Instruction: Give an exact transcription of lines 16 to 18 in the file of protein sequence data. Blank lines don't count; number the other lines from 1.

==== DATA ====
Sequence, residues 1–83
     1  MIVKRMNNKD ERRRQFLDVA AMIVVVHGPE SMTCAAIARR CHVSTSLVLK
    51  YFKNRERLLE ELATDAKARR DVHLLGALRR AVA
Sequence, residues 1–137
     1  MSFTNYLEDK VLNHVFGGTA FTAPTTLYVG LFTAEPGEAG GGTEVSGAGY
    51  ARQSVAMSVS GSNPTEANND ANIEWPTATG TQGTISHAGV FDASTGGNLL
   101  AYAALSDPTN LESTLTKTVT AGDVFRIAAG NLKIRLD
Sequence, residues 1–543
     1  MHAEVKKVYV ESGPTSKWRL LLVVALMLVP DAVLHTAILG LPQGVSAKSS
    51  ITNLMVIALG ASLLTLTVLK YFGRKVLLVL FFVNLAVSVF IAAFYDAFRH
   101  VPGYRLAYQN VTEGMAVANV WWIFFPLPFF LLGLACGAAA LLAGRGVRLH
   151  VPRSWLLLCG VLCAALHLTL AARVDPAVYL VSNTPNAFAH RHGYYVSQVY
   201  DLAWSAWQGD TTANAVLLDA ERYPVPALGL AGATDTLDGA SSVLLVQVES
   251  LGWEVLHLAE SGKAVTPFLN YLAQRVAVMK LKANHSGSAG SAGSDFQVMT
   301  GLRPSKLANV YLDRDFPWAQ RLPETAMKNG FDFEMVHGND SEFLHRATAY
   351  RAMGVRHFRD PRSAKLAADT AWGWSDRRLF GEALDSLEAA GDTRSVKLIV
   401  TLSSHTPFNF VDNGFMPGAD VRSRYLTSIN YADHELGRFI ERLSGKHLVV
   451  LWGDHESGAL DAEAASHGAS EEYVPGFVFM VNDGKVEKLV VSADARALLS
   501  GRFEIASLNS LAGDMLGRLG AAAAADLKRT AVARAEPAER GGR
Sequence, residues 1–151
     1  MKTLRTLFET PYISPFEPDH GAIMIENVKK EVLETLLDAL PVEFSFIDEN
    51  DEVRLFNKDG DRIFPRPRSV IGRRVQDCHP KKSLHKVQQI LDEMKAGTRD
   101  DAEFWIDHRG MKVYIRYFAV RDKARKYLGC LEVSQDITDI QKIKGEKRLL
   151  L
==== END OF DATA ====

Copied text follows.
   351  RAMGVRHFRD PRSAKLAADT AWGWSDRRLF GEALDSLEAA GDTRSVKLIV
   401  TLSSHTPFNF VDNGFMPGAD VRSRYLTSIN YADHELGRFI ERLSGKHLVV
   451  LWGDHESGAL DAEAASHGAS EEYVPGFVFM VNDGKVEKLV VSADARALLS